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Social media: Did Twitter and Facebook really build a global revolution?

Social media: From Iran to Tunisia and Egypt and beyond, Twitter and Facebook are the power tools of civic upheaval – but social media is only one factor in the spread of democratic revolution.

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In Yemen, a cellphone camera is used at an anti-government rally. This is the cover story of July 4 issue of The Christian Science Monitor weekly magazine, focusing on Facebook, Twitter, and the limits of social media as the power tools of civic upheaval.

Reuters photo/John Kehe illustration

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It felt like we watched it everywhere.

Facebook pages blared protest plans. Photographs were uploaded to Flickr, a photo-sharing website, and video clips were hoisted onto YouTube. Protesters mapped their uprisings, and the violence that followed, adapting their online cartography in real time to reports gathered by text message and Facebook updates.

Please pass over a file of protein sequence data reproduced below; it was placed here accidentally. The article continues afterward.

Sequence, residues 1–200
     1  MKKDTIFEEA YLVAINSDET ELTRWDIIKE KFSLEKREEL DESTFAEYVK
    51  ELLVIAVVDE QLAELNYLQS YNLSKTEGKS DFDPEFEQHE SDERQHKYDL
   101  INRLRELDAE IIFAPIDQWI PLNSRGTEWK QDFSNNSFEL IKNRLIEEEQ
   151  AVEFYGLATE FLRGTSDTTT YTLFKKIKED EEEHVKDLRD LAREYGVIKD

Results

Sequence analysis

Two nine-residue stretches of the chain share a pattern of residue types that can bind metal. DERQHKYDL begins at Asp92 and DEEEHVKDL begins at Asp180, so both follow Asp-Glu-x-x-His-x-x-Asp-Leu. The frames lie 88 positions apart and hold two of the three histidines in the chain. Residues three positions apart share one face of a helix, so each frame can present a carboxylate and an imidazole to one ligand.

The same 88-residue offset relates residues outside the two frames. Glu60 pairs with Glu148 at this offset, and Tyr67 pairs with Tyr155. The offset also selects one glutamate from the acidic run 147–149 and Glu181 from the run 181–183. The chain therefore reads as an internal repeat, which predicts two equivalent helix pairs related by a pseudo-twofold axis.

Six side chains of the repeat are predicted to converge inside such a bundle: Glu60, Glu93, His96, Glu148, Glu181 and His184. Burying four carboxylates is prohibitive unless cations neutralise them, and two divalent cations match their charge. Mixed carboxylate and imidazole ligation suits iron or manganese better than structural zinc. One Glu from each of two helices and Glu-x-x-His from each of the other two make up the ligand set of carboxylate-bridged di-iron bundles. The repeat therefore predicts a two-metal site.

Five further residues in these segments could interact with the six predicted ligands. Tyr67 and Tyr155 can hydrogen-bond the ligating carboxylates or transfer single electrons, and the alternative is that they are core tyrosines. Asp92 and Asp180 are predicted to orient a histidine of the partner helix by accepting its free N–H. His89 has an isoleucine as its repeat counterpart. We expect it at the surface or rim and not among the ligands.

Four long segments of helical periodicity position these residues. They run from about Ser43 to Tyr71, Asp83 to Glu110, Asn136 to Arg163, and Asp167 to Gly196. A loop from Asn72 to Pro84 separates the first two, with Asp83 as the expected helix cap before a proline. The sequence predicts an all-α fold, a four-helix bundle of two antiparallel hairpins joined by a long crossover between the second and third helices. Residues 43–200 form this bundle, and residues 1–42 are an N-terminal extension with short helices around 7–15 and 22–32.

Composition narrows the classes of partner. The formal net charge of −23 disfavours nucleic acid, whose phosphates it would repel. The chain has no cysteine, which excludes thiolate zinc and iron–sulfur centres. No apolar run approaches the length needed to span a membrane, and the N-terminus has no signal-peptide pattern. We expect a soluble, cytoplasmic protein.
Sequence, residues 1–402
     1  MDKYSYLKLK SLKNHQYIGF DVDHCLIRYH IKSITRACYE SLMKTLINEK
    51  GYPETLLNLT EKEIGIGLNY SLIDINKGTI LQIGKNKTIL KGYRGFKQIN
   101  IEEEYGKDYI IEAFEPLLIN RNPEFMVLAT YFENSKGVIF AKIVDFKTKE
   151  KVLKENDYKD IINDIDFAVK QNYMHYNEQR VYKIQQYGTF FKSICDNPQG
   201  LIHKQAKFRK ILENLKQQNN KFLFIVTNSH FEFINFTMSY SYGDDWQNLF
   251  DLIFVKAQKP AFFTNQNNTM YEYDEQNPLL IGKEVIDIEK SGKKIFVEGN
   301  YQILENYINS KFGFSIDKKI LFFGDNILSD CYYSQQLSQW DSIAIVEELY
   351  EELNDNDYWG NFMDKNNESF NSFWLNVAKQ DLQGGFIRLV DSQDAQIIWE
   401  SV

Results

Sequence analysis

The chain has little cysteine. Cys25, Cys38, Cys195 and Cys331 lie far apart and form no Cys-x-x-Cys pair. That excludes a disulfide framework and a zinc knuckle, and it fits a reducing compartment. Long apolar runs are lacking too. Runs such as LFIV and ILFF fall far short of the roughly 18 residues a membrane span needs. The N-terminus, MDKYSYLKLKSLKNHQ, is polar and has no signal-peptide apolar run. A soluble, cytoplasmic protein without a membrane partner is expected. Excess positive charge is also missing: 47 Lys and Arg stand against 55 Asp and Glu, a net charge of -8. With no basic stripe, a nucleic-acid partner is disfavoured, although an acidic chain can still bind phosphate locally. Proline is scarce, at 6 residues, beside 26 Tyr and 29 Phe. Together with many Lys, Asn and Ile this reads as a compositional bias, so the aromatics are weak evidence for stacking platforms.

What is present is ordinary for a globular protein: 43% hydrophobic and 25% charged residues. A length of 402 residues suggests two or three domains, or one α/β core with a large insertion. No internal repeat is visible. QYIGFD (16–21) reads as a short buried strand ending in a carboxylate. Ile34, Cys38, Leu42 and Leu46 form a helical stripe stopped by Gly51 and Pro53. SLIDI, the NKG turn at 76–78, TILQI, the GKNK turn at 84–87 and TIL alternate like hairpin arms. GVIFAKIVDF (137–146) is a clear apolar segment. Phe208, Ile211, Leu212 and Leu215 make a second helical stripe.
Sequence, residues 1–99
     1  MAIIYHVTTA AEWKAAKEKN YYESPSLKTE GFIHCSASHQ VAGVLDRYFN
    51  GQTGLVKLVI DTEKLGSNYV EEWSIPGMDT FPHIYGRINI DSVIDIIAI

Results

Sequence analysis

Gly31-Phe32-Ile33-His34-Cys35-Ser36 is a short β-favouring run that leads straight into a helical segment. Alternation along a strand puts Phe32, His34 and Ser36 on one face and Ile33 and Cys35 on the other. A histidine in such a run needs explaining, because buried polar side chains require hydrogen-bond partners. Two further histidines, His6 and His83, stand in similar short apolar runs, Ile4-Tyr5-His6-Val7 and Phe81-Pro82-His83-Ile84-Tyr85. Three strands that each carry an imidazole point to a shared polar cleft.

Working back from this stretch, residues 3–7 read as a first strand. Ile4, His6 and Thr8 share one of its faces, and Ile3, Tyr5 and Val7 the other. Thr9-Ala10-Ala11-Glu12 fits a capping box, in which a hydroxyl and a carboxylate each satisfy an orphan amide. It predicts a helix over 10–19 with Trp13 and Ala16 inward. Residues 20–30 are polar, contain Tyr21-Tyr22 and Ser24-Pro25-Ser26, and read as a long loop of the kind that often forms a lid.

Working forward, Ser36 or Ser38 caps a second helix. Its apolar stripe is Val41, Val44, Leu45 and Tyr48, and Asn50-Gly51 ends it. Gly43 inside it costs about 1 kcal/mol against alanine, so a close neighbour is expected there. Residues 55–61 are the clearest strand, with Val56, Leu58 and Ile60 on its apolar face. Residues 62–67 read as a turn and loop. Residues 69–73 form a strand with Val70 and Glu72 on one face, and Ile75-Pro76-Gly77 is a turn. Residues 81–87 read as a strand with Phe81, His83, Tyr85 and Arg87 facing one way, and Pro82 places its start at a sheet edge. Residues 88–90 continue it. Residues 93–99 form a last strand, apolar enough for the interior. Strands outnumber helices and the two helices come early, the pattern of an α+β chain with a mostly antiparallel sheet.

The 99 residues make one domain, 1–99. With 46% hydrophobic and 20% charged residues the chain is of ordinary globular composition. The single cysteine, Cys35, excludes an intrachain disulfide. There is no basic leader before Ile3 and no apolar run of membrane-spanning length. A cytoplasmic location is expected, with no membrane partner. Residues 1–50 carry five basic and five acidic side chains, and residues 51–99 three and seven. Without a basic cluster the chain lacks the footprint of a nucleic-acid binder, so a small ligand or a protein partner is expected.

To say nothing of all the tweeting.

IN PICTURES: Top Twitter Moments

After only a few weeks watching the events in Tunisia, Egypt, and Libya, it seemed conclusive: This was the global revolution that Twitter built – that, maybe, only Twitter and other technologies could have built.

"These technologies collectively – everything from cellphone cameras to Twitter – are disruptive not just of other technologies like landlines or newspapers, which the military could shut down, but [of] the whole social construct. Social media is really a catalytic part," says Peter Hirshberg, a senior fellow at the Annenberg Center on Communication Leadership & Policy at the University of Southern California in Los Angeles.

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